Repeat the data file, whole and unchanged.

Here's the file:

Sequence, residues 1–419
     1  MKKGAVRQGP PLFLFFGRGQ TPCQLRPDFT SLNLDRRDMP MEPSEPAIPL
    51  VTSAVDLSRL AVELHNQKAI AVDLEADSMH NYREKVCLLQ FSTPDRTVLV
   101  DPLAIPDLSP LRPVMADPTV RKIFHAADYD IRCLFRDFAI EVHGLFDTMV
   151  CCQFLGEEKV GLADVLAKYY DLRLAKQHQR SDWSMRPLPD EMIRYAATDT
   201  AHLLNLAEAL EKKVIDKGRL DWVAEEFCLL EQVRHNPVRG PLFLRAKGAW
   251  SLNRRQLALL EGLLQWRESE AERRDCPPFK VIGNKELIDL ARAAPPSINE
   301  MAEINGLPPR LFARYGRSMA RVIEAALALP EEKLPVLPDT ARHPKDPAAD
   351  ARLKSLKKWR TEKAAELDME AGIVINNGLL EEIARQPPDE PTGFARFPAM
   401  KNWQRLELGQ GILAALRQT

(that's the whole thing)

Sequence, residues 1–419
     1  MKKGAVRQGP PLFLFFGRGQ TPCQLRPDFT SLNLDRRDMP MEPSEPAIPL
    51  VTSAVDLSRL AVELHNQKAI AVDLEADSMH NYREKVCLLQ FSTPDRTVLV
   101  DPLAIPDLSP LRPVMADPTV RKIFHAADYD IRCLFRDFAI EVHGLFDTMV
   151  CCQFLGEEKV GLADVLAKYY DLRLAKQHQR SDWSMRPLPD EMIRYAATDT
   201  AHLLNLAEAL EKKVIDKGRL DWVAEEFCLL EQVRHNPVRG PLFLRAKGAW
   251  SLNRRQLALL EGLLQWRESE AERRDCPPFK VIGNKELIDL ARAAPPSINE
   301  MAEINGLPPR LFARYGRSMA RVIEAALALP EEKLPVLPDT ARHPKDPAAD
   351  ARLKSLKKWR TEKAAELDME AGIVINNGLL EEIARQPPDE PTGFARFPAM
   401  KNWQRLELGQ GILAALRQT